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The former Mt. Zion Baptist Church stands at the corner of N Congress St and Carpenter St in Athens Ohio. Photo illustration and panoramic stitch.

Tour of Uptown Athens to showcase Black history, landmarks

Appalachian Understories will be partnering with Brian Koscho, creator of “Invisible Ground,” a history and storytelling podcast focusing on Southeast Ohio. The two will host a walking tour of Uptown Athens, showcasing Black history and landmarks still standing or remembered with a plaque. 

Madison Donohue, tourism specialist for Appalachian Understories, said the tour starts at HangOverEasy, 18 N. Court St., where the Berry Hotel once stood. After the first stop, the group will travel to the West State Street Cemetery and make their way toward Mount Zion Baptist Church. Koscho, who will be guiding the tour, will be sharing stories of Black entrepreneurship, education and community building at each location.

“The things that have come before us, the people that have come before us, the stories, the struggles and the wonderful things and the terrible things are part of our stories as human beings,” Koscho said. “I think it's something that unifies us.” 

Koscho said the tour could help people take abstract and complicated ideas and find actual stories, people and touchstones in their region.

Black history is a significant part of what makes Athens, Athens. It has created immense connections and opportunities for education. Trevellya Ford-Ahmed, communications and media director for the Mount Zion Baptist Church Preservation Society, said knowing about where one comes from and knowing about their history and ancestry can help them elevate thinking about who they are today.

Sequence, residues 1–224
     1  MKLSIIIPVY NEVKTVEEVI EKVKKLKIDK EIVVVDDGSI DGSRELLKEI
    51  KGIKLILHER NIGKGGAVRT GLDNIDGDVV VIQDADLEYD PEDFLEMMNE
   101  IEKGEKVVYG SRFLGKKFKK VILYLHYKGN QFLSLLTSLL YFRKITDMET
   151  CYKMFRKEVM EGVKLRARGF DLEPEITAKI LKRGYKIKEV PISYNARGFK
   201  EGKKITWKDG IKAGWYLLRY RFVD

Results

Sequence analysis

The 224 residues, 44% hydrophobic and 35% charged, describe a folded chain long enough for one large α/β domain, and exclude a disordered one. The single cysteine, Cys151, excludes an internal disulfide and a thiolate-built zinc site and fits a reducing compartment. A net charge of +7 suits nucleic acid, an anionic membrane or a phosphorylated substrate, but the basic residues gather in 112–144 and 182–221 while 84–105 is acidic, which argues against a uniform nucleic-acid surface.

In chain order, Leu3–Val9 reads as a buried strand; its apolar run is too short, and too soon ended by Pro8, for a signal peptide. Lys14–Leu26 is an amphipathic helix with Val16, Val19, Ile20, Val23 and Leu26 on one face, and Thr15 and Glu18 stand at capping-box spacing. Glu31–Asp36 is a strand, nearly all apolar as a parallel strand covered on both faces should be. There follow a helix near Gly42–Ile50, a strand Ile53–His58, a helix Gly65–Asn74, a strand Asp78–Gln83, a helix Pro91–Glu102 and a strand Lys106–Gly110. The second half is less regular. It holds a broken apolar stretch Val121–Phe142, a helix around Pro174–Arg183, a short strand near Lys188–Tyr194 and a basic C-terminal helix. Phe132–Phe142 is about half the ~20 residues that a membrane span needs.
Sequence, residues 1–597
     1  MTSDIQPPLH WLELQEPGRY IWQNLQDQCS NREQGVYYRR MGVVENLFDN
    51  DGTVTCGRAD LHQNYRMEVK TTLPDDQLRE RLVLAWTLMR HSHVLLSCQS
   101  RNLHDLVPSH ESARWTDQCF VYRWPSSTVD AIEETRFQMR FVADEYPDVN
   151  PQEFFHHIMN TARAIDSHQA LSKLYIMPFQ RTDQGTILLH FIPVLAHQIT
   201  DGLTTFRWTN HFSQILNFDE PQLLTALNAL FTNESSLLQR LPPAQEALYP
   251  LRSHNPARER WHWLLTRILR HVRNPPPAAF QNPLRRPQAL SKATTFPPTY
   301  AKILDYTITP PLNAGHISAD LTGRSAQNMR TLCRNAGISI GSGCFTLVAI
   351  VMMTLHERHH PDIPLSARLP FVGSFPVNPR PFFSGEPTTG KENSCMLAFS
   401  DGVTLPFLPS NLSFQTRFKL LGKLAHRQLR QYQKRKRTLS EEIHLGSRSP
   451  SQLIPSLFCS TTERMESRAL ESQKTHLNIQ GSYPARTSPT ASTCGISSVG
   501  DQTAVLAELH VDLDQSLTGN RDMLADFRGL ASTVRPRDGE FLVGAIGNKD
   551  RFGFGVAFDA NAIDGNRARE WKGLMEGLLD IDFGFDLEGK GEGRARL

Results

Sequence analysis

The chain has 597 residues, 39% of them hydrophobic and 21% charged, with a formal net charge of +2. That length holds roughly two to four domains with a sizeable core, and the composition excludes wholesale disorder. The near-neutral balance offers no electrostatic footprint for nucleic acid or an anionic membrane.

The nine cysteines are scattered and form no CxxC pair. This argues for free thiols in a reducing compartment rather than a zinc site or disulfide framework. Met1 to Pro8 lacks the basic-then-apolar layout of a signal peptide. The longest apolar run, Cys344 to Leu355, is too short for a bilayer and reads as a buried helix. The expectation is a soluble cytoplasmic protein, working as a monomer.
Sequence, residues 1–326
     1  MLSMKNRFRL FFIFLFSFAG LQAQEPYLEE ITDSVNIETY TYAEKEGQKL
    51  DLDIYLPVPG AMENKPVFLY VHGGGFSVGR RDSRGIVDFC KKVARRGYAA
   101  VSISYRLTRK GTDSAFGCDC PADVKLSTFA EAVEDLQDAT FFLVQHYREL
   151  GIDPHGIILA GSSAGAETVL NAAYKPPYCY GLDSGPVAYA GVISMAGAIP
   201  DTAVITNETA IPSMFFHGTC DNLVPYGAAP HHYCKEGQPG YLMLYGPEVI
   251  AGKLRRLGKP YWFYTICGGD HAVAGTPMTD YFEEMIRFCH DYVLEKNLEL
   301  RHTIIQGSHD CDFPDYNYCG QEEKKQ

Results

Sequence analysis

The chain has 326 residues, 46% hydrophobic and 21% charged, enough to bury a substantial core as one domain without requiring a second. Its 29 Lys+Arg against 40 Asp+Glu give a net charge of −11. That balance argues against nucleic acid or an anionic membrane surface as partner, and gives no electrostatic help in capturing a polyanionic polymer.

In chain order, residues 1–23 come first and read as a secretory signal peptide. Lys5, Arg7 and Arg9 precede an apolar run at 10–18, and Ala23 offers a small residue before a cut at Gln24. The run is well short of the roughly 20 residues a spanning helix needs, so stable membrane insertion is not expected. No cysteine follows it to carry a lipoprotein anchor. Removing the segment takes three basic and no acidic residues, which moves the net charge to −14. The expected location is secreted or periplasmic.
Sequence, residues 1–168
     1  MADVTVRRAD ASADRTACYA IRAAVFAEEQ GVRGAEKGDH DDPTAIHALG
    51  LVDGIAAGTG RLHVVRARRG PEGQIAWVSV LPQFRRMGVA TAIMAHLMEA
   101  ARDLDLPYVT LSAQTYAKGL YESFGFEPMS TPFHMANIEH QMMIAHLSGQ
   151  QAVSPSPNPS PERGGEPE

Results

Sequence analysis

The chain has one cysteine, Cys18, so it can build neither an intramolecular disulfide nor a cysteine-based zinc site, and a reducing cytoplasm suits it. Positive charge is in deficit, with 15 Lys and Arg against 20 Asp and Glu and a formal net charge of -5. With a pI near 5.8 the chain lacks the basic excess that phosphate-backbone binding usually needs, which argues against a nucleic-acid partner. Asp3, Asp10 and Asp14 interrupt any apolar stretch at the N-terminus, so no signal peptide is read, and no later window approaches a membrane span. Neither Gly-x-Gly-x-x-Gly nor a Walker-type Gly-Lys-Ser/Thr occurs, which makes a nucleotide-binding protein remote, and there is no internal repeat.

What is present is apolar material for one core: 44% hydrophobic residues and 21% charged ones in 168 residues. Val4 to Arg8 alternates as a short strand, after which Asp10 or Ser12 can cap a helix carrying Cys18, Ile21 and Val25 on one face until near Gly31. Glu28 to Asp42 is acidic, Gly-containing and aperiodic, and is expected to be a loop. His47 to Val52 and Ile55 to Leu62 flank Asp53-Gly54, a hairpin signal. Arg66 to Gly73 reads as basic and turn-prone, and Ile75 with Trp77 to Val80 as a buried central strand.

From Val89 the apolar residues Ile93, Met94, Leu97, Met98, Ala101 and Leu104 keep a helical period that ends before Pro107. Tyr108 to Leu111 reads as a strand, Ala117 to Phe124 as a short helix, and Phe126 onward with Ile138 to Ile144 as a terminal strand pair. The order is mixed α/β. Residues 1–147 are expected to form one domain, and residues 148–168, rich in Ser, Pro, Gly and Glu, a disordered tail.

“I think knowing about where you have come from and the people that have inspired, not just their families but people across the country, that's a very prideful thing to know about,” Ford-Ahmed said.

When thinking of Appalachia, Ford-Ahmed said people are surprised to hear Black people ever lived in the area. However, Athens has always hosted magnificent Black entrepreneurs and attorneys and historical structures, Ford-Ahmed said.

“Athens is a part of that Appalachian understory,” Ford-Ahmed said.

Donohue said this would be Appalachian Understories’ twenty-fifth tour since September. She looks forward to having people attend and build comradery and connection to the history of where they live, hence the name of the tours. 

“An understory tree is a tree that doesn't grow as tall as maybe an oak tree but it stays in the understory canopy of the forest, like the pawpaw tree, so it's an ecological term, because a lot of our tours have to do with the natural history of the region,” Donohue said. “But we also used it as a way to explain the stories that are lesser told of our region, so we wanted to just uplift other stories that maybe aren't as well known.”

The event, “Lifting Up Diversity in Little Cities,” will be hosted on Sunday, Feb. 27, from 11 a.m. to 1 p.m. Tickets are $40 and a portion of the proceeds will be donated to Mount Zion to aid in its restoration process.

Koscho said having connections to surroundings changes the way one looks at them, and he, along with Donohue and Ford-Ahmed, encourage people to attend the tour to learn more about the ground they walk on.

“All these folks that we’re going to talk about are important not only to Athens history in Southeast Ohio history, but they're important national figures and they're people whose stories I think really provide a connection to some really important ideas about history, culture and what we do and don't tell sometimes in history,” Koscho said. 


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